By IPO Pakistan.

BrahMos missile successfully test-fired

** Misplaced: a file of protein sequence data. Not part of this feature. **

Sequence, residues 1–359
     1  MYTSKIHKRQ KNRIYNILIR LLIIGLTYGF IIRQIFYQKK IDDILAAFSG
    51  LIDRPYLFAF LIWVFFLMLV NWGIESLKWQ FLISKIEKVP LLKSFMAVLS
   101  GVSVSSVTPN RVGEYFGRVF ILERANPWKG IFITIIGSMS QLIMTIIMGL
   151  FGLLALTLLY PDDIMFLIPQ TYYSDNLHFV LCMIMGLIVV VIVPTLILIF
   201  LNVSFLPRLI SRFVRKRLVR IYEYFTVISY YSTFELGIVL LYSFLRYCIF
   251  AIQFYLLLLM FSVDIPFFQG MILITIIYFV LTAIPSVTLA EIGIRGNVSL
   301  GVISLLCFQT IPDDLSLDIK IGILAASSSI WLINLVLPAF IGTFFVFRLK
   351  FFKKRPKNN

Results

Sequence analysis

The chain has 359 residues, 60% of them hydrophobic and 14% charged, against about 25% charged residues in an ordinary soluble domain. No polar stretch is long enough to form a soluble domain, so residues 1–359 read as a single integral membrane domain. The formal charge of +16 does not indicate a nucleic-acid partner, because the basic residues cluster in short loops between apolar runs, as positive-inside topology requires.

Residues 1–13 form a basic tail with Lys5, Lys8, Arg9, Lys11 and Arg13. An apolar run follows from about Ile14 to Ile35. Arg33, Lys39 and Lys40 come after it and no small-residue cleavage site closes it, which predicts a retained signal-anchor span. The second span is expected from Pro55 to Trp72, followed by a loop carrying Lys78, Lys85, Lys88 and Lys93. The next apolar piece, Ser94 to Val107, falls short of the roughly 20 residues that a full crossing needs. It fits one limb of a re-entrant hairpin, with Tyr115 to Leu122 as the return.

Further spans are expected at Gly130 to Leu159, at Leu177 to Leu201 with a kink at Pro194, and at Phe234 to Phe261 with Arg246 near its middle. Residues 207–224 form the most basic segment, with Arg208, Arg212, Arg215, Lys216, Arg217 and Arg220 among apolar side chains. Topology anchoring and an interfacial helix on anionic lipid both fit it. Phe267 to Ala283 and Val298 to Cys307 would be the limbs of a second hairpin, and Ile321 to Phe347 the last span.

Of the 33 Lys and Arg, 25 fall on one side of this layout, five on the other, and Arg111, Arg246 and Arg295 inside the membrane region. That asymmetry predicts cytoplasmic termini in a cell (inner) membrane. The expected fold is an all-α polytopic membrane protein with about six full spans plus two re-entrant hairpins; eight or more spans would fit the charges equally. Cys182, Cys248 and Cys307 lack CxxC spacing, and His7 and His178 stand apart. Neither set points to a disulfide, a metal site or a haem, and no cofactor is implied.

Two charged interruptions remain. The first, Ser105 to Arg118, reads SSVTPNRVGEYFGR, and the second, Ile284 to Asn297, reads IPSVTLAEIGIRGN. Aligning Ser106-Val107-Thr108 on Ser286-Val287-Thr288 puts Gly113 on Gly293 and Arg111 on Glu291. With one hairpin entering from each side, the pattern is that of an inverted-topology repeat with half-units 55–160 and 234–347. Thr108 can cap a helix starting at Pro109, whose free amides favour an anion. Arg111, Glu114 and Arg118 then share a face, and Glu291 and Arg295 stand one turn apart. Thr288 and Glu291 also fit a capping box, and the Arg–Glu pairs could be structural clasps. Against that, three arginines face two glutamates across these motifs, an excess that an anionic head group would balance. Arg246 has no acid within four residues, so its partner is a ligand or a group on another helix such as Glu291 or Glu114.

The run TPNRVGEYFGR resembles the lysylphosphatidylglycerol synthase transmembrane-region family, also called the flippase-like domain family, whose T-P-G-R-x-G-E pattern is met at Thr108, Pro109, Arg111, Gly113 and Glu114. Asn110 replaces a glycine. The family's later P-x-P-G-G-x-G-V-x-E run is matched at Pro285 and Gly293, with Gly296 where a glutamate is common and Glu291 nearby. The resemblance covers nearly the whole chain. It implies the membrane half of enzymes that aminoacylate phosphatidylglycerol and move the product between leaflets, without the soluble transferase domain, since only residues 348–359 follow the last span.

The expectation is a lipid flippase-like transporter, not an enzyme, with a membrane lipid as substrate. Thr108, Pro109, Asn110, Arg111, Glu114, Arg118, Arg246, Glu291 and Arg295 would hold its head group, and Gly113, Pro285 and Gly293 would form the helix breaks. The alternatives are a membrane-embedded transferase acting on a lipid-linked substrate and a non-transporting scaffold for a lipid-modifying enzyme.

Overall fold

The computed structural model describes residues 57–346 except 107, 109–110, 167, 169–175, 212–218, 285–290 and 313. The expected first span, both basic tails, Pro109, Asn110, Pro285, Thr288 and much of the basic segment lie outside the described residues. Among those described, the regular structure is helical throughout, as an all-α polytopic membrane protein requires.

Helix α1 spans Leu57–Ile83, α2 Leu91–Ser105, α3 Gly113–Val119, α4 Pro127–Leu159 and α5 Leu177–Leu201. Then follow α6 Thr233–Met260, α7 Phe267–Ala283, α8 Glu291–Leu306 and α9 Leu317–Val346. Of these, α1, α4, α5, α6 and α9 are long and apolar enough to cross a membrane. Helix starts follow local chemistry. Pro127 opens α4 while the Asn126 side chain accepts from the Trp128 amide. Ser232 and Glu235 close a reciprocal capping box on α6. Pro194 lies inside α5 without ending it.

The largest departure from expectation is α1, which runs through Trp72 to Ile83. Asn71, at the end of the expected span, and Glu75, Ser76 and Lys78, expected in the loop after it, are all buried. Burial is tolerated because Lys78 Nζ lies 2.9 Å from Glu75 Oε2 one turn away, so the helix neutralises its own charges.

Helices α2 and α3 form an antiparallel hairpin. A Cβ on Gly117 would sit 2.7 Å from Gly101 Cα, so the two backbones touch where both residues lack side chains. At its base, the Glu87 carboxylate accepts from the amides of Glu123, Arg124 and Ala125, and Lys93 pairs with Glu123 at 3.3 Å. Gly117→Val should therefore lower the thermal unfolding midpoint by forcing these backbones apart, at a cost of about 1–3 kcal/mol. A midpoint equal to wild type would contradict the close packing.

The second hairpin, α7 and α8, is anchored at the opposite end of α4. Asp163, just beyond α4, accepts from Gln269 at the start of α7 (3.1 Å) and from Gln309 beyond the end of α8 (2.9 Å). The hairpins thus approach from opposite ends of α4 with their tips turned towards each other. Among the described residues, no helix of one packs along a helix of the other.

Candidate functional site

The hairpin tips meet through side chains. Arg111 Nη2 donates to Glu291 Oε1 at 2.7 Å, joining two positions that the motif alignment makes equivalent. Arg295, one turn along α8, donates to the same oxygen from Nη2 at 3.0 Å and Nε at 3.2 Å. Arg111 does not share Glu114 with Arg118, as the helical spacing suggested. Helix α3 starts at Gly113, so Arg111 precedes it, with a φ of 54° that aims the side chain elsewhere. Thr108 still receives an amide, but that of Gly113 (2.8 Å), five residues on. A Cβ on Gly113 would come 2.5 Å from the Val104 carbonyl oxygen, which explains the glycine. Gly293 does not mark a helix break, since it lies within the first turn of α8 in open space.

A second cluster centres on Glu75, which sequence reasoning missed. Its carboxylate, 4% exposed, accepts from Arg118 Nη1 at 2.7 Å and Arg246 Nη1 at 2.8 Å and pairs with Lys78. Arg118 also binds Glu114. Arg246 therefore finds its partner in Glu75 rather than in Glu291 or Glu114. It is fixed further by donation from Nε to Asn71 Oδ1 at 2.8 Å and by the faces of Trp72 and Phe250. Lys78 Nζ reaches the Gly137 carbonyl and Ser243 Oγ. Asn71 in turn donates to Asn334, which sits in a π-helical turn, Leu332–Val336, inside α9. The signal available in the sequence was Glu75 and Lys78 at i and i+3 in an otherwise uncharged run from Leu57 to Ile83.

The land-attack version of BrahMos supersonic cruise missile with an extended range increased from 290 km to 450 km was successfully test fired. The missile was test fired from a Mobile Autonomous Launcher (MAL) from the Integrated Test Range (ITR) at Chandipur, Odisha. It met its mission parameters fully by achieving 100% results.  About BrahMos missile BrahMos supersonic cruise missile has been designed and developed by BrahMos Aerospace, a joint venture of India and Russia. It name has been derived from the names of two rivers, India’s Brahmaputra River and Russia’s Moskva River. Features: It has top supersonic speed of Mach 2.  It is two-stage missile, the first one being solid and the second one ramjet liquid propellant.It is capable of carrying a warhead of 300 kilogram, both conventional and nuclear. Range: Its earlier strike range was 290 km. But after India’s induction into the Missile Technology Control Regime (MTCR) in June 2016, missile’s range has been increased beyond 300km in the same configuration. Another version of the missile with a strike range of 800 km is under development. Deployment: It has already been inducted into the Indian Army and Navy, while the Air Force version is in the final stage of trials. Navy’s first version was inducted in 2005 on INS Rajput. The Indian Army is already equipped with three regiments of Block III version of Brahmos missiles. Now, it is fully operational with two regiments of the Army. Tags: BrahMos missile • Defence • India-Russia • missile technology • MTCR • Supersonic Missile Lok Sabha passes Admiralty (Jurisdiction and Settlement of Maritime Claims) Bill, 2016 March 13, 2017No comments The Lok Sabha has passed the Admiralty (Jurisdiction and Settlement of Maritime Claims) Bill, 2016. The Bill aims to establish uniform legal framework by consolidating the existing laws relating to admiralty jurisdiction of courts, admiralty proceedings on maritime claims, arrest of vessels and related issues. It also aims to repeal five obsolete British statutes statutes (laws) on admiralty jurisdiction in civil matters which are 126 to 177 years old and were hindering efficient governance. The five laws are Admiralty Court Act, 1840; Admiralty Court Act, 1861; Colonial Courts of Admiralty Act, 1890; Colonial Courts of Admiralty (India) Act, 1891; and Provisions of the Letters Patent, 1865. Salient Features of Admirability Bill, 2016 It confers admiralty jurisdiction on High Courts located in coastal states of India, thus extending their jurisdictions upto territorial waters. The jurisdiction will be extendable by the Union Government notification upto exclusive economic zone (EEZ) or any other maritime zone or islands constituting part of India. It applies to every vessel irrespective of place of domicile or residence of owner. It does not apply to naval auxiliary, warships and vessels used for non-commercial purposes. Inland vessels and vessels under construction are excluded from its application. But it empowers Union Government to make it applicable to these vessels also by a notification. It lists the jurisdiction for adjudicating on a set of maritime claims. A vessel can be arrested in certain circumstances in order to ensure security against a maritime claim. It also provides for prioritization of maritime claims and maritime liens while providing protection to owners, operators, charterers, crew members and seafarers at the same time.

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